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For a Retired Nurse, There's No Going Back to Paradise

A new life away begins closer to family

spinner image claudia oreilly sits at the table with a collection of dolls behind her on a shelf
Photo by: Wayne Lawrence

WEST SACRAMENTO, California — “I’m one of the happier endings,” Claudia O’Reilly says as she pedals a three-wheeled bike down her street with her terrier mix, Lucy, sauntering along.

It’s quite a statement coming from a 66-year-old woman who one year ago lost her comfortable retirement in a pretty condo when an epic fire destroyed most of the town of Paradise, California.

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O’Reilly used to live in the Village Square condominiums in Paradise and had enjoyed its communal pool, her dog-walking friends and views of the majestic redwoods and Ponderosa pines nearby. The development was completely destroyed last Nov. 8.

Yet a long career as a hospital nurse taught O’Reilly that misfortune happens. “I always felt, Except for the grace of God, there go I, because you know horrible things happen to really nice people,” she says.

The day the Camp Fire upended her retirement, O’Reilly already was in West Sacramento, about 90 miles away, staying with her daughter, son-in-law and their two daughters. 

O’Reilly had left her two-bedroom condo a day before the wildfire, prompted by an alert from the electric company PG&E that power would be shut off if winds were high. 

“A lot of the elderly … were afraid of the fires,” says O’Reilly, a member of the condo board.

Lost all she owned

Still, as she locked the door on all her possessions she could not have known that she would soon lose everything — including clothing, furnishings, musical instruments, family heirlooms, stained glass pieces she had created, vacation photos and a long-held collection of vintage dolls.

“I had $45,000 in life savings, which I know is pretty inadequate,” she says, acknowledging that she hadn’t fully planned the financial aspects of her next stage in life.

She was devasted, of course, to learn that her condominium was nothing more than a grim pile of twisted rebar and rubble, but her 5-year-old granddaughter consoled her, saying, “That’s OK, Grandma. You can live with us.”

That’s what she did, for a short time.  

After two months of living in her daughter’s guest room, O’Reilly scraped together money and borrowed some more to buy a used $90,000 manufactured home in a mobile home park near her daughter and son. She moved in at the start of 2019.

The disaster forced O’Reilly, who relies on Social Security and a modest pension, to downsize. Though her new place has more interior space, she’s cheek by jowl with other tenants and has just a tiny garden, no deck with sweeping views.

Her condo had been insured, but almost 11 months would go by before she was reimbursed for the unit. By then her fellow condo owners had voted 31-9 against rebuilding the complex.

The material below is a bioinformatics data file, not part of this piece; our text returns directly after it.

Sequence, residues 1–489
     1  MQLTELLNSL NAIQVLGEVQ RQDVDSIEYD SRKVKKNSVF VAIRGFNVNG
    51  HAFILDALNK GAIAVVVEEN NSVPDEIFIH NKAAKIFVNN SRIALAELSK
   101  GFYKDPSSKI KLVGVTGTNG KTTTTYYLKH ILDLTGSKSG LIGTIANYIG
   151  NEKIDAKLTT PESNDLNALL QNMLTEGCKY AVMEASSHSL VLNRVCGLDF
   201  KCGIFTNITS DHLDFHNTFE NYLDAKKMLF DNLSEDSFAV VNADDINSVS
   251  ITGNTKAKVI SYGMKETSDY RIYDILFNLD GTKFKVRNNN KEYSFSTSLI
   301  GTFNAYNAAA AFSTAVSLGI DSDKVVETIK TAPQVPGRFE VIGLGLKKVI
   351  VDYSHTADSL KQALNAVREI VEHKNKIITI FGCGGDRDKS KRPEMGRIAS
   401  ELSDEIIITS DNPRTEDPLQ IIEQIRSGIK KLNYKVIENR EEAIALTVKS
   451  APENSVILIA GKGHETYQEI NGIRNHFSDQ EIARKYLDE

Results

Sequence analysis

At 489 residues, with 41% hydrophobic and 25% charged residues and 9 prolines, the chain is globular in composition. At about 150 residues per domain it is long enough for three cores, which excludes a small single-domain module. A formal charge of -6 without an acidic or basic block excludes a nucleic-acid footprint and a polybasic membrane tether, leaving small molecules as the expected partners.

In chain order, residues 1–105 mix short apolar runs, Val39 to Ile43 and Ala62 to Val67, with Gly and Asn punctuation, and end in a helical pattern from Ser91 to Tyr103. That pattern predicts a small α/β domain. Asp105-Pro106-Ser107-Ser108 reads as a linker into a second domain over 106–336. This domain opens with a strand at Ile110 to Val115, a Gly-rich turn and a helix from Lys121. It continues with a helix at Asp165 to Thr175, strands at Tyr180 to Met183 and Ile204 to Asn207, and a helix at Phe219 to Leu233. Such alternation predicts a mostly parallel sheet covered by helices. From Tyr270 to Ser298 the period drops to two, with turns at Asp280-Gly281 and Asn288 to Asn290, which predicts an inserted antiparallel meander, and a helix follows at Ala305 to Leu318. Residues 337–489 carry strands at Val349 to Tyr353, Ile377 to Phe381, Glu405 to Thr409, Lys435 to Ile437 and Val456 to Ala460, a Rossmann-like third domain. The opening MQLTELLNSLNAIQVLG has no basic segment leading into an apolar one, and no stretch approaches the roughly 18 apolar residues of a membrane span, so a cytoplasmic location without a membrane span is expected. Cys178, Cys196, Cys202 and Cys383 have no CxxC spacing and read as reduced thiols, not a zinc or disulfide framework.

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spinner image claudia o reilly with her daughter and two grandchildren posing for a photo
Claudia O'Reilly, second from right, with daughter Ruth Pagano-Trn and granddaughters Claire, 5, and Kayla, 10.
Photo by: Ron Trn

Looks back with gratitude

Today she is not bitter but grateful.

She feels fortunate to have gotten out of Paradise and missed the fiery, traffic-choked evacuation. “I didn’t suffer the trauma of trying to get out,” O’Reilly says. “There were people with their children in their cars, and the children were crying, ‘I don’t want to die.’ And people were running for their lives and seeing fire all around them. There was desperation — and fear that I can’t even imagine.”

Two more things helped: O’Reilly’s positive attitude and an outpouring of love in West Sacramento.

Her daughter, Ruth Pagano-Trn, 38, sold T-shirts to raise money for her and rallied friends and coworkers to help O’Reilly rebuild her life.

Yoga studios passed the plate, giving her $1,000 in cash. People, some of them strangers, showered her with gift cards. One man handed over unused wedding gifts still in boxes — “Crock-Pots, steamers, dishes”— which he’d stored for about 40 years.

Some gifts were anonymous. But she wrote thank-you cards, about 100 in all, to the donors whose names she had. “It was every day for months,” she recalls, talking about putting her gratitude in writing.

“Emotional well-being is so important,” she says. “You have to stay positive. You can’t have chronic anger or stress.

“And so I kind of went along with the flow — take the easiest road and not be angry. And think about what you have, instead of what you’ve lost.”

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